The Legend of Barney Thomson (2015)
The Legend of Barney Thomson (2015)
Director: Robert Carlyle
Cast: Robert Carlyle, Emma Thompson, Ray Winstone
Synopsis: Barney Thomson, awkward, diffident, Glasgow barber, lives a life of desperate mediocrity and his uninteresting life is about to go from 0 to 60 in five seconds, as he enters the grotesque and comically absurd world of the serial killer.
Barney Thomson (Robert Carlyle – The 51st State, Trainspotting), a fifty-something barber in the rough end of Glasgow, is one of those anonymous background characters that drift through life like the weakest of breezes – the kind that makes no impression, and leaves no evidence of having passed through. He’s seen his status eroded over the years as he’s been shuffled from the chair nearest the shop’s window to the one in its dimmest recesses. He knows only two styles and lacks the patter of his colleagues, for whom customers are prepared to wait even when Barney’s chair is empty. ‘You look like a haunted tree,’ complains one of his colleagues before informing him that, once again, he’s to be moved further away from the window.
He suffers these indignities with seething, impotent resentment. Everyone knows his bitter complaints will amount to nothing, and that he will eventually relent. But when the owner’s son Wullie (Stephen McCole – A Lonely Place to Die, The Wee Man) tells Barney his job is to be given to the son of his father’s friend he ends up dead on the barber shop floor. His death is an accident, but Barney knows what everyone will think, so he bundles the body into the boot of his car. A few days later, there’s another accident, another body – this time Chris (Martin Compston – The Wee Man, Strippers vs Werewolves), a colleague who grew suspicious. Barney takes the body to the flat of his sharp-tongued harridan of a mother, who’s away for the weekend. It’s not a stupid move. She proved unexpectedly accommodating upon learning of the first killing, even going so far as to dismember Wullie’s body and placing the parts in her freezer. However, when Barney prepares to cut up Chris, he is astonished to find that there are at least three dismembered hands in the freezer…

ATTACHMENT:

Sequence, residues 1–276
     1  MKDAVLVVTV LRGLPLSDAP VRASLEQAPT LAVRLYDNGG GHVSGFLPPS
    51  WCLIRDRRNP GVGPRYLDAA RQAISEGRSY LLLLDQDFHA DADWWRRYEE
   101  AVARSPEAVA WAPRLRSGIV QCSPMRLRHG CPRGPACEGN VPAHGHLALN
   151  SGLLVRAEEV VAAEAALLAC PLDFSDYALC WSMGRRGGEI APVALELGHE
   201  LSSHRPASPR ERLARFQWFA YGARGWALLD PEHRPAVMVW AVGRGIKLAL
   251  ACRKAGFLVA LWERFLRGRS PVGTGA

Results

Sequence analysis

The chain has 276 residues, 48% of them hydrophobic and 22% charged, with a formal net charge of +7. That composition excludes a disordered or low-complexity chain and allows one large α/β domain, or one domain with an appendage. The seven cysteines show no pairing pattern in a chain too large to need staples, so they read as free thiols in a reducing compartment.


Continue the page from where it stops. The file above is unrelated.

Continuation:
Black comedy is a notoriously difficult genre to pull off, whether in literature or on the screen, but first-time director Carlyle does a credible job, thanks to strong source material from novelist Douglas Lindsay. Carlyle makes good use of some dour Glasgow locations, and paints a picture of life as a meaningless, low-key struggle for recognition that serves no purpose other than to separate birth and death. He has a keen eye for interesting angles and framing, and a knack for blending anguished trauma with jet-black humour. He’s also assembled some impressive talent, all of whom seem to be having a whale of a time. Ray WInstone (Snow White and the Huntsman, The Sweeney) snarls like a wounded bulldog as an old-school copper, forced to hand over control of the hunt for a serial killer to an ambitious – and treacherous – colleague (Ashley Jensen – Pirates! In an Adventure with Scientists!); Tom Courtenay (The Dresser, Gambit) swears with precise gentility as his fussy Chief Superintendent, and Emma Thompson (Judas Kiss, Saving Mr. Banks) is a revelation as Barney’s truly monstrous mother.
The Legend of Barney Thomson is a dark, macabre gem that finds humour in the most gruesome situations without leaning too heavily on gore or gross-out gags. The final act might test our patience, but is at least true to the novel, and provides some retribution for a character for whom it’s impossible to feel anything other than sympathy, despite having this strange aura of somehow inviting all the strife that befalls him. The Legend of Barney Thomson might not be to all tastes, but if you’re the sort who likes your humour as black as pitch then you’re in for a treat.
(Reviewed 12th December 2015)